“Leadership is the behavior that brings the future to the present, by envisioning the possible and persuading others to help you make it a reality.” – Matt Barney, founder and CEO, LeaderAmp
At last year’s New America Alliance Wall Street Summit, a new initiative to increase the presence of Latinas in strategic business and civic positions was announced: The American Latina Leadership Caucus. Now, the Caucus is ready to launch in cities around the country.
“For a long time, the New America Alliance has celebrated and recognized American Latino women’s achievements. However, NAA leaders feel there is still a great need to increase the presence of Latina leaders in every corner of this country’s economic and political life,” said Maria del Pilar Avila, CEO, New America Alliance (NAA).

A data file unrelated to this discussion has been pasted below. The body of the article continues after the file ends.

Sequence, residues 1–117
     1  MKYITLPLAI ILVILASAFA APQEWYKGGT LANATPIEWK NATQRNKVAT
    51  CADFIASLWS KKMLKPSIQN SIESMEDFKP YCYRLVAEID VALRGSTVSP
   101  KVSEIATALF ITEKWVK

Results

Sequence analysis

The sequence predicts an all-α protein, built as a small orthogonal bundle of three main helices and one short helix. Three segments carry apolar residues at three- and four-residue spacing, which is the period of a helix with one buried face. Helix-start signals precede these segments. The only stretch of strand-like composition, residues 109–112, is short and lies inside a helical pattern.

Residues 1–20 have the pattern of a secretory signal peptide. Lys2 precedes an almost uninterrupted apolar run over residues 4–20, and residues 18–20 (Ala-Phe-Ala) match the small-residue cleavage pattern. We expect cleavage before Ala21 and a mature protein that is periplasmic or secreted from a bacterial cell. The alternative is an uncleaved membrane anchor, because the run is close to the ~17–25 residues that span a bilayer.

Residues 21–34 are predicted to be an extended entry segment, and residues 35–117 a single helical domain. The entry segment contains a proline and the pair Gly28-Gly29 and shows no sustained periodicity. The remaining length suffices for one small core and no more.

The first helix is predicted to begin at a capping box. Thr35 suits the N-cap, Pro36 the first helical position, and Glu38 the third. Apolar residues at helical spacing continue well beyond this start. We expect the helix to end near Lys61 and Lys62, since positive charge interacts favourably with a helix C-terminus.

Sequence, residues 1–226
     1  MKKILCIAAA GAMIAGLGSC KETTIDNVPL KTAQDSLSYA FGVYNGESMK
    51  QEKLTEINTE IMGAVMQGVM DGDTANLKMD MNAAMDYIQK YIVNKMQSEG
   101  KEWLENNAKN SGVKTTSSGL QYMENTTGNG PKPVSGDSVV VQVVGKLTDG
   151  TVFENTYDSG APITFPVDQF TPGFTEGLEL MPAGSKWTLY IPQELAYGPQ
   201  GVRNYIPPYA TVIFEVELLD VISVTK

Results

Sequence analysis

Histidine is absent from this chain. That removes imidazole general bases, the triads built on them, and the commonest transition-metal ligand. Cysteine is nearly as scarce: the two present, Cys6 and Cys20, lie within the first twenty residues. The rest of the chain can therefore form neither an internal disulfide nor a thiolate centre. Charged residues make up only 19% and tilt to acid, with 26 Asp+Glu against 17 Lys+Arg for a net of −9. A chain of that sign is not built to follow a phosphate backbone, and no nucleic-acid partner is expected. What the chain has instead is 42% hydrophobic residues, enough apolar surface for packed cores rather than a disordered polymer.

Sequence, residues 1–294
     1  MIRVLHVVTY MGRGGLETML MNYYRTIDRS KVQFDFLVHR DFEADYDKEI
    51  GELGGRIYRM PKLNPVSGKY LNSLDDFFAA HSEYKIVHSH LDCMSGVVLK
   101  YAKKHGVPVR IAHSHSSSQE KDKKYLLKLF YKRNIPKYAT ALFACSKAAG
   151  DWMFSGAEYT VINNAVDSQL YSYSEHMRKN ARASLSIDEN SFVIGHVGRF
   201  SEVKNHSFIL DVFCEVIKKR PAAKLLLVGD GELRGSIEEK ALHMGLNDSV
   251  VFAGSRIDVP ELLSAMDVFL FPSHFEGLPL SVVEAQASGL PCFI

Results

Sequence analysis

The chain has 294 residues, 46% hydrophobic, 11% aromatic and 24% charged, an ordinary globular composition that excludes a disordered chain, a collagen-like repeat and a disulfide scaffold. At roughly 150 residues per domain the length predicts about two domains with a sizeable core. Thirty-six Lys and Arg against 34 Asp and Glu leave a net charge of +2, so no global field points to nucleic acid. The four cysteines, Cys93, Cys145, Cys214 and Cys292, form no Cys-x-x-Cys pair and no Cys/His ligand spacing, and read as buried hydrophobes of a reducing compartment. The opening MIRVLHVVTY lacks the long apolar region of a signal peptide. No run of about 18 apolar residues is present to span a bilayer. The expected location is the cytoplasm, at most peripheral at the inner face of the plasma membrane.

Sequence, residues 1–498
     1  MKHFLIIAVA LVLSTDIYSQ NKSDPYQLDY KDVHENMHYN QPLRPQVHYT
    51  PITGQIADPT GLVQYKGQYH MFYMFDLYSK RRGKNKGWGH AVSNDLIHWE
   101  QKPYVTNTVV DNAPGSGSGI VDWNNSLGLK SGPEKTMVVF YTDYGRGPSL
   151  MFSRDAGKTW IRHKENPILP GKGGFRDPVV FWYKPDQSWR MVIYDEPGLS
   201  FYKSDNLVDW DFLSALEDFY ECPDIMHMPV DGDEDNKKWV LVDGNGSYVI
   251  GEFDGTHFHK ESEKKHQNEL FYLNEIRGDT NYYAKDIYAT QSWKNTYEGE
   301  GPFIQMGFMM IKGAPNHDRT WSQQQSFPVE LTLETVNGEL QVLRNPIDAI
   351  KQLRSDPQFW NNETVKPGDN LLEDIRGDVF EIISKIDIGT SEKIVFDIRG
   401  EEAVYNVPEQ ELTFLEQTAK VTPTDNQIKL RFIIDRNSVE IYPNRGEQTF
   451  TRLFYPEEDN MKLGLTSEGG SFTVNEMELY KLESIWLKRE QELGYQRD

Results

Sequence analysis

According to Avila, the Caucus is an opportunity for Latinas to be part of a group of influencers who will provide inside intelligence and information about board, corporate, political or non-profit openings while identifying the right candidates from their personal and professional networks.
“The idea is to encourage Latina leadership in different sectors, industries, markets and even across generations as well as to have a balanced vision of diverse Latina’s backgrounds. Through a communication mechanism, these influencers will seek recommendations to search for candidates, exchange biographies and resumes, have conversations with potential candidates, and help them move forward once the right candidates are identified,” she explained.
Avila herself is a true example of the type of leadership the organization is trying to support. After serving as founding NAA’s Executive Director from 1999 to 2005, Pilar rejoined the organization in May 2010 as Chief Executive Officer.